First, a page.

"I have only to say to you to-night that the resolutions which I understand have been adopted by you, were read by me to-day, and I approve heartily from the bottom of my heart every sentiment in those resolutions. (Applause.) I have but one pledge to give you, and that is, if elected Governor of Louisiana, so far as it lies in my humble power, there shall not be a slave in this State after the 22dday of February. (Great cheering.)
"I thank you for the distinguished honor you have conferred upon me, and pledge you a faithful performance of the duties that will devolve upon me. I again thank you, and bid you good-night."
Many of Dr. Dostie's friends desired to see him a candidate for some State office. He had declined the nomination of Secretary of State, and State Treasurer at the convention. At a meeting of the Free State Executive Committee, Col. A. C. Hills said: "The name of Dostie I am desirous of having on the Free State ticket. It will add to its strength. We all know his pure record. I request that he be urged by the committee to accept some State office." To this request Dr. Dostie replied, "I regret that I can not comply with your wishes, but I sincerely believe that I can be more useful to the republican party by not having my name on the ticket. I am no office seeker. My mission is to assist in making Louisiana a Free State; I must request you to look elsewhere for a candidate for office."
The arguments of his numerous friends, at last prevailed upon the Dr. to accept the nomination of Auditor of State. He was unanimously nominated by the Free State executive committee for that office. The integrity, firmness, honesty and devotion to principle made the name of Dostie a power in his party. The annexed is an article from the pen of A. C. Hills, editor of the New Orleans Era—one of the Union papers of that city, and a fearless advocate of freedom. u We are gratified to learn that this unflinching champion of the Union cause has, at the earnest request of his numerous friends, consented to accept the nomination for one of the State offices. The State Convention, at its meeting on the 1st instant, named Judge Atocha for the office of State Auditor, but that gentleman has since declined the honor! and the duty of filling the vacancy devolved upon the Executive Committee.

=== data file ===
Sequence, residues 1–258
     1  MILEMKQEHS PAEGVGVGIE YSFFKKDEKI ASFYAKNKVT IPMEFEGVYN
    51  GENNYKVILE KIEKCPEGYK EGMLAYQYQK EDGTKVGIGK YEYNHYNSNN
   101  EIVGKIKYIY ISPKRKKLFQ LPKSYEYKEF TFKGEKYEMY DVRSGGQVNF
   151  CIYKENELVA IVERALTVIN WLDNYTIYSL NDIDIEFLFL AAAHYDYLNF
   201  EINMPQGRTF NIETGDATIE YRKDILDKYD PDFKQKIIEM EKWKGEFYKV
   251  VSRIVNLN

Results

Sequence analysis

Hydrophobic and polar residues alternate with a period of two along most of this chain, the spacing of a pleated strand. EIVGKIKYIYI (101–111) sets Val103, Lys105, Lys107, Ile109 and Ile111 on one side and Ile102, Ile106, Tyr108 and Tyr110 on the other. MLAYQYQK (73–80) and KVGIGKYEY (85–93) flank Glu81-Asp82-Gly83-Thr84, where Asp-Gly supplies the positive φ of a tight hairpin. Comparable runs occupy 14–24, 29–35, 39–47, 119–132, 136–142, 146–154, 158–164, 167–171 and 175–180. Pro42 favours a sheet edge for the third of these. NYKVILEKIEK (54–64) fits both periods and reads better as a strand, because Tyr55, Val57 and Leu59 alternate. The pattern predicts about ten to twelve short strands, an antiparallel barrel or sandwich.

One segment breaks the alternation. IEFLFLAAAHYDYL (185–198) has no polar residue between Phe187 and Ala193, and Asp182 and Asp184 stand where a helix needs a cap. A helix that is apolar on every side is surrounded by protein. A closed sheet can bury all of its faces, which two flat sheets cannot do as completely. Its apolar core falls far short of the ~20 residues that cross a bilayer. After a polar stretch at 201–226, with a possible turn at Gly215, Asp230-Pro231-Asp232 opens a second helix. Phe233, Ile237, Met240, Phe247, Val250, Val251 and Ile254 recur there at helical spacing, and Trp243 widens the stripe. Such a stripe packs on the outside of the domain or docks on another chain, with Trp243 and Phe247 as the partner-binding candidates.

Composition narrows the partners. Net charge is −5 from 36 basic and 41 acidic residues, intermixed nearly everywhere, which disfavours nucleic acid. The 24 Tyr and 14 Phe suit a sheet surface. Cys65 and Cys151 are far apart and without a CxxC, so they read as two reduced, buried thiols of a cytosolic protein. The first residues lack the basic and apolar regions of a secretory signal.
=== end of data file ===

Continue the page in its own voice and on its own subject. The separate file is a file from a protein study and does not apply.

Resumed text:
There is scarcely a Union man in this city but fully appreciates and acknowledges the valuable services in the cause of freedom and patriotism of Dr. A. P. Dostie. He has been repeatedly urged by his friends to accept office, but has strenuously refused to consent. Every man who enjoys the confidence of the Doctor is aware that what he has done for the cause has been at much personal sacrifice, without a desire to be rewarded in any other manner than by seeing the glorious principles for which he is so sincere and efficient an advocate, triumphantly proclaimed in this the State of his adoption. The acceptance of office is another sacrifice asked at his hands by the friends of a Free State government. With this understanding, he has consented to accept the nomination for Auditor. There was no opposition in the selection by the Executive Committee.